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Alumni Papers

Archives & Special Collections collects the papers and records of past and present members of the student body that promote social change, demonstrate artistic and literary accomplishment, involvement in regional and/or national political activity, and document student life and activities at the university. 

Selected Alumni Papers and Collections
 

Connie Willis Papers: Connie Willis, a native Coloradoan, graduated from UNC in 1967 with degrees in English and in Elementary Education.  She has gone on to be the most awarded science fiction writer ever, having, to date, won eight Nebula, twelve Hugo, and fourteen Locus awards. She has also won in all Nebula categories: short story, novelette, novella, and novel. In 2012, Willis was presented with the Damon Knight Grand Master Award by the Science Fiction Writers of America joining the likes of Robert Heinlein, Isaac Asimov and Ray Bradbury.   

In February of 2010, Willis donated her collection spanning four decades to UNC.  The collection is comprised of research, handwritten manuscripts, speeches, essays, correspondence, galley proofs, and published works. In addition to these paper-based materials, the collection includes other formats such as VHS tapes, audio cassette tapes, photographs, awards, and a variety of gifts given to Willis by fans.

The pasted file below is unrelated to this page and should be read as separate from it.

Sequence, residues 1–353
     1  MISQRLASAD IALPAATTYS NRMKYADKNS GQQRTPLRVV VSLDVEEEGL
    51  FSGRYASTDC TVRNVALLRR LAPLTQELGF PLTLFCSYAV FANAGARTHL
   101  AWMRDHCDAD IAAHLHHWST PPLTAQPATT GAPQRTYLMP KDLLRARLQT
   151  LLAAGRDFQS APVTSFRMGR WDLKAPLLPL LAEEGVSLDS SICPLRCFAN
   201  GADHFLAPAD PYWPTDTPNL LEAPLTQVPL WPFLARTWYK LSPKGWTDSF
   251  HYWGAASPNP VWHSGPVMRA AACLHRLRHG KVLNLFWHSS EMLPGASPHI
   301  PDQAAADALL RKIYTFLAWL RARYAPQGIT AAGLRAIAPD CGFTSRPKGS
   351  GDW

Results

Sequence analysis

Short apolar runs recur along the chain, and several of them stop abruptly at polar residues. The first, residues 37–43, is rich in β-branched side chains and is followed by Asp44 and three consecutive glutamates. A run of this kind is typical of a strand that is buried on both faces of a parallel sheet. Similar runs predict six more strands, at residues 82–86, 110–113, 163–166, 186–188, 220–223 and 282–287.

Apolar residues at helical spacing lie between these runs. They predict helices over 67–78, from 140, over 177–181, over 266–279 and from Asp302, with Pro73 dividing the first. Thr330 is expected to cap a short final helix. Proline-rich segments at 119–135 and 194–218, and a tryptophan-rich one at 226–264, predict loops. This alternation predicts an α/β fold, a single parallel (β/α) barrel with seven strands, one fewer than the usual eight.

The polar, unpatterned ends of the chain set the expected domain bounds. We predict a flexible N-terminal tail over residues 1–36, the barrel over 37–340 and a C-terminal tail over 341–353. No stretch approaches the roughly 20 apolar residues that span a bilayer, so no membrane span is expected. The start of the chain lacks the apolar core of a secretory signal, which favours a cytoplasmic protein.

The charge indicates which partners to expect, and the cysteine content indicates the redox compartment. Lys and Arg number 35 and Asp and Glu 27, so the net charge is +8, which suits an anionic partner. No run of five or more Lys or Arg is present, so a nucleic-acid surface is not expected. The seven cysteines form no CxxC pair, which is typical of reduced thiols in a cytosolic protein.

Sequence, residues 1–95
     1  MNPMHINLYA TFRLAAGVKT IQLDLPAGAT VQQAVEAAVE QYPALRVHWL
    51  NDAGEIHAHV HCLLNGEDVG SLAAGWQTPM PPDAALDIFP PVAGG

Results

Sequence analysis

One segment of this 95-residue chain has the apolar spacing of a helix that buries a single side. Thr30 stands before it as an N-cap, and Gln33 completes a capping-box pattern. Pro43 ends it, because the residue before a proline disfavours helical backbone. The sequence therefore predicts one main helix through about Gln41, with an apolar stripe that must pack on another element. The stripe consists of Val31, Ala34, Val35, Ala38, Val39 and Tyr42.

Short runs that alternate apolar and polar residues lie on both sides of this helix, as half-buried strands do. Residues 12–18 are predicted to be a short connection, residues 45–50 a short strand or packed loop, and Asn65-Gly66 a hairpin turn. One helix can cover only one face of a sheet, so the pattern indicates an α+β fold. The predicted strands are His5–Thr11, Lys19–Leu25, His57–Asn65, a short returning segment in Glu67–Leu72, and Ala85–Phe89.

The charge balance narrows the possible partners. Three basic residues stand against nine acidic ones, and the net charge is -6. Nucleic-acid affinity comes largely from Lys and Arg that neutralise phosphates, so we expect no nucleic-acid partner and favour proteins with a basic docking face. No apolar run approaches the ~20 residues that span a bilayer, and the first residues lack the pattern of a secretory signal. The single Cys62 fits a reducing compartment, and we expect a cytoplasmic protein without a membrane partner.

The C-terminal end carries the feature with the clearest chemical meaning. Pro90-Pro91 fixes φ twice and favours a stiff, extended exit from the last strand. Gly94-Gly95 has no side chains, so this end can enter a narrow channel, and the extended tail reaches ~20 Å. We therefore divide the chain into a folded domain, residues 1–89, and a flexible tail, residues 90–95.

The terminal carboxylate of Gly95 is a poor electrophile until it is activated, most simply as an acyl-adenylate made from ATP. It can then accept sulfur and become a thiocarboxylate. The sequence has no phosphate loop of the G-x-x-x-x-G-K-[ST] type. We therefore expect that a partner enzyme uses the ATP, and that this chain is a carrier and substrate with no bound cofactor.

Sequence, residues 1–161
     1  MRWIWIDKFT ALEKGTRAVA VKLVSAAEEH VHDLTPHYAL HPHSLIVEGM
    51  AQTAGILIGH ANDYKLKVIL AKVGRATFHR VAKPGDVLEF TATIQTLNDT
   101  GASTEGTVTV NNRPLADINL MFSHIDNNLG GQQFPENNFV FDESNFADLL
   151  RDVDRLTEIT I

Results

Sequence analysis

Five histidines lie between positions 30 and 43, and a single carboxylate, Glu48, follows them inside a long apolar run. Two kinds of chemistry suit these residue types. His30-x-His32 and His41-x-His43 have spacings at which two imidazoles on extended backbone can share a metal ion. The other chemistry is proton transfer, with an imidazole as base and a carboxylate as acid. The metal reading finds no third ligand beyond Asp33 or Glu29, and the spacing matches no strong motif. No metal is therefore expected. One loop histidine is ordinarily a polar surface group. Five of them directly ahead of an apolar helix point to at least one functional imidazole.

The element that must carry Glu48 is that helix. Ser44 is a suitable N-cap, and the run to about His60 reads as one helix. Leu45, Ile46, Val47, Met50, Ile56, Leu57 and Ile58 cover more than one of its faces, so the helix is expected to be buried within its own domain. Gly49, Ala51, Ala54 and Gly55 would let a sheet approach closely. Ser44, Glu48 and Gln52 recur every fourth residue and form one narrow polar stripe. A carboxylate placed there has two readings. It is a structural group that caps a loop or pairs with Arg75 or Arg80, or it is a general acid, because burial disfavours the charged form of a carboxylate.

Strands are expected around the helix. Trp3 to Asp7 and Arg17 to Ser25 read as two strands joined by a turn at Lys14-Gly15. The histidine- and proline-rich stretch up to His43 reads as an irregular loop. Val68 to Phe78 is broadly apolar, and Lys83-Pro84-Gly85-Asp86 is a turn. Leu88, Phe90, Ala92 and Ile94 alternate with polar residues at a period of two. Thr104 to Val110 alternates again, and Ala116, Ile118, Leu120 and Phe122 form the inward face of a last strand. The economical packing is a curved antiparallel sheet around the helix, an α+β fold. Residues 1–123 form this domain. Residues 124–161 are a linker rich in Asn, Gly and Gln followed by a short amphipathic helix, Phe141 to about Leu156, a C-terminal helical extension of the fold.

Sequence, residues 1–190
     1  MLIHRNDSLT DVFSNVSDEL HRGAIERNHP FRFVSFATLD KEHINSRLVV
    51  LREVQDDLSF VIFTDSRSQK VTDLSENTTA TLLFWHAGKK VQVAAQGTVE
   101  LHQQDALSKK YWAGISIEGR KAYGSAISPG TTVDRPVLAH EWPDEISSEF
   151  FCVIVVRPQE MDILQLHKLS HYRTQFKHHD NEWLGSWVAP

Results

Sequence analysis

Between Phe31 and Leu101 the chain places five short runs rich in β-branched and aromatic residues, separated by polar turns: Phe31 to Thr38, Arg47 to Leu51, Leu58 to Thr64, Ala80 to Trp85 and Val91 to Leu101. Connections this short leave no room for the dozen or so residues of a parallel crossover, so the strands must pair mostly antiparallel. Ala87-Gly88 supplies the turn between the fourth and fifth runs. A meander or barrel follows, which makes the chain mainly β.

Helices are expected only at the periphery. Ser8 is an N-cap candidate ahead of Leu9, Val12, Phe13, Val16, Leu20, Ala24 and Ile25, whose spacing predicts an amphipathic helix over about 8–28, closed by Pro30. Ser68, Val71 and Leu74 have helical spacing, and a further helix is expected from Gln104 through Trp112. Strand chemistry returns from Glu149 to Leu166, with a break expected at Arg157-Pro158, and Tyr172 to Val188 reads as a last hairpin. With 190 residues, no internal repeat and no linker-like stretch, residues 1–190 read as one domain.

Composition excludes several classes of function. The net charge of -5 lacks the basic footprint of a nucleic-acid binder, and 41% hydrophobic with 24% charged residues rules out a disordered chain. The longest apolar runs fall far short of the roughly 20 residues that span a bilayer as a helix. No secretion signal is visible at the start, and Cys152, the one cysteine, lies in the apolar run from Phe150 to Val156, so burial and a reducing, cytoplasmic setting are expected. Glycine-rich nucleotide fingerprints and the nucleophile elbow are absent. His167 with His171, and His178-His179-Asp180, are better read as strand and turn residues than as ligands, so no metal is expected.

Finding Aid 
Online resources
 
Alumni Artifacts and Memorabilia: The Alumni artifact and memorabilia collection features a wide range of artifacts collected from former students of the university since its early years. These artifacts document the activities, events, and lives of the students who attended the institution between the years 1907 and 1994. In this collection, there are items such as scrapbooks, photographs, negatives, sports programs, clippings, letters, books, and more.  
  
There are a number of compelling items within the collection that may be of interest, the first item being a letter from Eleanor Roosevelt addressed to Nora Roop Collins on February 5th, 1954. Roosevelt wrote to Collins, thanking her for a poem dedicated to her husband, Franklin D. Roosevelt. The second item is a 1928 megaphone belonging to Dorothy Frances Crowfoot. Inscribed on the megaphone are the scores of the sports events she attended during her school years at UNC. Third, a collection belonging to Lucille Mae Setzler offers a glimpse into the social life of UNC during the years of 1924-1928. Within Setzler's scrapbook are a plethora of dance cards from sorority and fraternity events held across campus.  
Finding Aid